Uses and Benefits of Southernwood Flowers

Like all wormwood plants, Southernwood was historically used as a medicinal herb for internal parasites. It was also commonly recommended as a steaming herb for respiratory infections. 

Today some people take it in supplement form for improved digestion. It was also occasionally used by ancient cultures as a bitter seasoning for meat and other foods.

Southernwood Flower Meaning & Symbolism

Southernwood Flower Meaning and Symbolism

Despite being a relatively plain-looking plant compared to other flowers, Southernwood has earned a complex set of meanings that give it symbolic value today.

Common Southernwood Flower Colors and Their Meaning & Symbolism

Southernwood only produces two flower colors depending on the variety. White flowers carry a general symbolism of purity, peace, healing, clarity, and even holiness. Yellow and cream-colored blooms convey the meaning of joy, growth, youthfulness, fun, and exuberance.

The Cultural Significance of Southernwood Flowers

The Cultural Significance of Southernwood Flowers

As a herb long used for medicinal and ceremonial purposes, it’s no wonder Southernwood has developed symbolic use as well.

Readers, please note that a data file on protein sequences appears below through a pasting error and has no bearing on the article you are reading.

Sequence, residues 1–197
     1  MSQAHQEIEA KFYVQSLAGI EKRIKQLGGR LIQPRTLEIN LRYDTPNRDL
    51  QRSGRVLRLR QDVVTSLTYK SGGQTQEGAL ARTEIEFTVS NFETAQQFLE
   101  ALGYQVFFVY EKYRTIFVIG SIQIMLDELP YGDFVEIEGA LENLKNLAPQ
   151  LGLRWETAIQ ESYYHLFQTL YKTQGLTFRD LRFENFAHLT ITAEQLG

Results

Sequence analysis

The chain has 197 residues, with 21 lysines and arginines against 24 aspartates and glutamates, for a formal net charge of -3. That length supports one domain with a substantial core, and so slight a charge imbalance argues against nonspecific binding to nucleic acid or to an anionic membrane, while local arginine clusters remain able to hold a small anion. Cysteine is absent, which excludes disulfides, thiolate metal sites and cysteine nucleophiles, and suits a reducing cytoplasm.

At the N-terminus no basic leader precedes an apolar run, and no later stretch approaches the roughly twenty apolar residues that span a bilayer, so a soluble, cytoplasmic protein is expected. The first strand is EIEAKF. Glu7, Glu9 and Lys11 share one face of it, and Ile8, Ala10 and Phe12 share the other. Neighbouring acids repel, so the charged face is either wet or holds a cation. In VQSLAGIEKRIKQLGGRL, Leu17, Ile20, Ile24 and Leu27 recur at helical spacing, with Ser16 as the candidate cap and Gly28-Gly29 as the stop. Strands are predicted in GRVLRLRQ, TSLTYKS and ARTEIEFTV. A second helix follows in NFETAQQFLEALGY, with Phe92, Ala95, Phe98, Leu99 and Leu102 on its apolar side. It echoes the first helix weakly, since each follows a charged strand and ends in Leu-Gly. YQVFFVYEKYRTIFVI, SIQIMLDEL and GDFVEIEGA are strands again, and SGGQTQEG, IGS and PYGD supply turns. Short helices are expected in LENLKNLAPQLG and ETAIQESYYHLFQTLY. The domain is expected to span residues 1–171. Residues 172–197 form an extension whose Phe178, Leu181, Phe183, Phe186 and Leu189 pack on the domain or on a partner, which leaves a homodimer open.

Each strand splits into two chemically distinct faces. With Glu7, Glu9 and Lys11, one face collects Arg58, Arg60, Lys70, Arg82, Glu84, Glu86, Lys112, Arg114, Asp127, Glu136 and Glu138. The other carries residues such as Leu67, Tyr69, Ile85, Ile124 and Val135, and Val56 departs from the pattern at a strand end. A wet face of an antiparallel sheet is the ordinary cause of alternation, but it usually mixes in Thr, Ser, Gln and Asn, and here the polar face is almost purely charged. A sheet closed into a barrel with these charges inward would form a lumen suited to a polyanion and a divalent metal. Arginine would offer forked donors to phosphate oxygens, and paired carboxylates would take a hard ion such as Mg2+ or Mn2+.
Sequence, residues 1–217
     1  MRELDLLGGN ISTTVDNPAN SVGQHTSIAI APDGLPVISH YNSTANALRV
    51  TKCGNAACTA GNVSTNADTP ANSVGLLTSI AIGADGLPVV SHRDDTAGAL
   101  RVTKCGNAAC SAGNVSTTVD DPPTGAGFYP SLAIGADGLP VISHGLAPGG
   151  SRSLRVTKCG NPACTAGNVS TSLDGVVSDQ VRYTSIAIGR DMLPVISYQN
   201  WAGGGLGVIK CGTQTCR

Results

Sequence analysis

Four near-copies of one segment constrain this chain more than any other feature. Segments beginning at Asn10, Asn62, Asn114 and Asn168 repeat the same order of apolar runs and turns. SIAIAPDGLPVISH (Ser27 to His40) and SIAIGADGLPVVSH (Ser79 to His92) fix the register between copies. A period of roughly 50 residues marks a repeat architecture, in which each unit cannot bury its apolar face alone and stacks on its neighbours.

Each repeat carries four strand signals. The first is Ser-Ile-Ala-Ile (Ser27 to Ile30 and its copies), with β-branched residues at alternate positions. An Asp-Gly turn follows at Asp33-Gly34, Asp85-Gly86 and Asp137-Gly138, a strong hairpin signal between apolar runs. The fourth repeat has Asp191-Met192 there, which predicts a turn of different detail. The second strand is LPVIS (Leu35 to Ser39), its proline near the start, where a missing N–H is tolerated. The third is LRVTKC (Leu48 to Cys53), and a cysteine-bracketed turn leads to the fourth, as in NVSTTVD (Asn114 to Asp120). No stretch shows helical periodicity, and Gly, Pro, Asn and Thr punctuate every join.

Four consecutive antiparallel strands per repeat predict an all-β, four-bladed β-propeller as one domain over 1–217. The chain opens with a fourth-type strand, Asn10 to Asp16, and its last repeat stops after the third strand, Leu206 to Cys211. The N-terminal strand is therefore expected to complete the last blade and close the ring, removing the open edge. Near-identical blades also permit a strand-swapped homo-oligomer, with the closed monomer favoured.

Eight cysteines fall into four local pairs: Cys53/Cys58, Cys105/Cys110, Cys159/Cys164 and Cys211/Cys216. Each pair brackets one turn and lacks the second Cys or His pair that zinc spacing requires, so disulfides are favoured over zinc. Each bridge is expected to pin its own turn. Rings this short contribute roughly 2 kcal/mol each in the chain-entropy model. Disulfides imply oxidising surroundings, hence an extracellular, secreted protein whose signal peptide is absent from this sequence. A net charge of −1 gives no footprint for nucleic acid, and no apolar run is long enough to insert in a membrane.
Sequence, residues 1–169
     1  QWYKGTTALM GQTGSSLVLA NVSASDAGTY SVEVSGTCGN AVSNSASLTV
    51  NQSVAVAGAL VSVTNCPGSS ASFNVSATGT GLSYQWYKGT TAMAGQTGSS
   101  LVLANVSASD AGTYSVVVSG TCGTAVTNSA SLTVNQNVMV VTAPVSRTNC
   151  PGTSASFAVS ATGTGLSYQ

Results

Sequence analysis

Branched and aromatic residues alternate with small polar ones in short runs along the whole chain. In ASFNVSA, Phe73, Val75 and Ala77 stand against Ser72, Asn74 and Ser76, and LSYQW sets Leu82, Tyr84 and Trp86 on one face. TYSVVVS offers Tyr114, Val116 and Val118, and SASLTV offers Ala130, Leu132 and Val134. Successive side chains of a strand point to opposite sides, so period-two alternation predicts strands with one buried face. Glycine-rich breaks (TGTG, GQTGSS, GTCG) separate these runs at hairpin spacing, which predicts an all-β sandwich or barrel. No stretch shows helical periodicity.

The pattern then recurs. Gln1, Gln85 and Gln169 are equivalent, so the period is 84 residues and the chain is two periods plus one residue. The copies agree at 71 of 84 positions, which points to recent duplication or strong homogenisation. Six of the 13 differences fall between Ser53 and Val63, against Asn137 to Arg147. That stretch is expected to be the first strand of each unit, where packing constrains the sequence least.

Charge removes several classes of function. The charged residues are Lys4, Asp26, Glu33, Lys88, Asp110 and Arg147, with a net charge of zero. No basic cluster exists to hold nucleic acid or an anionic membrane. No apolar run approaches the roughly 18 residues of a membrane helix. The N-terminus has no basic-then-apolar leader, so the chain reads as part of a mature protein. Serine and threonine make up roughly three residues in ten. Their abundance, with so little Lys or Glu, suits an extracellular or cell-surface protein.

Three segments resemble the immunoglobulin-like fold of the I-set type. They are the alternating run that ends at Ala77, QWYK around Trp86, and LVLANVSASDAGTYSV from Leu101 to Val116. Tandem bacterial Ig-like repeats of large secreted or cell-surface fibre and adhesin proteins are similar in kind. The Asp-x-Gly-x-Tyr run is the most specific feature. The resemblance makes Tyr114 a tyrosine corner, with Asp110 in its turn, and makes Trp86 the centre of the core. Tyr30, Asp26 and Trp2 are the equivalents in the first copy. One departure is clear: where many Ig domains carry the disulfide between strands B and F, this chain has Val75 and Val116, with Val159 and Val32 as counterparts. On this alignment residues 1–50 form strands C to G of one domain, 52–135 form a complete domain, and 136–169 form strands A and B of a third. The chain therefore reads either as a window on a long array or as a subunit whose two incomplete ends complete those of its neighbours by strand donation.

On the most practical level, planting Southernwood in an orchard can help repel insects and protect the trees. This has evolved into a more general meaning of protection, healing, and good health shared by multiple cultures.

Southernwood Flower Myths & Folklore

One of Southernwood’s most enduring myths that is widespread through European cultures links it to love. Young people pining for their lovers would include sprigs of Southernwood flowers in their bouquets. The strong smell of the plant was supposed to help attract your love back to you over any distance. 

In other cultures, Southernwood developed a reputation for protecting new homes when gifted as a dried or fresh bouquet due to its general protective use against insects.

Southernwood Flower Meaning & Symbolism in Ancient Egypt

Southernwood Flower Meaning & Symbolism in Ancient Egypt

In Ancient Egypt, Southernwood grew wild and could be harvested in large volumes. Its distinctive scent became part of a popular perfume mixture known as Cyprinum. The balm-like solid perfume also included myrrh, cinnamon, and cardamom all mixed in a base of henna. 

The resulting scent is warm, spicy, and welcoming. Some modern perfumers have speculated that it may have been a good choice for attracting romantic interest due to its fresh yet warm blend of scents.

Southernwood Flower Symbolism in French Culture

Since Southernwood is native to much of Europe, it’s not surprising the plant has developed a special meaning in French culture as well. 

The French don’t call the plant Southernwood but rather garderobe. This name means “preserver of clothes”, representing the plant’s believed ability to protect stored clothing from moths and other insects. 

Putting a few springs of the plant in a wardrobe or dresser was certainly an easy way to try and control wardrobe damage. As with many other European cultures, the French also include this plant in bouquets to send a romantic message.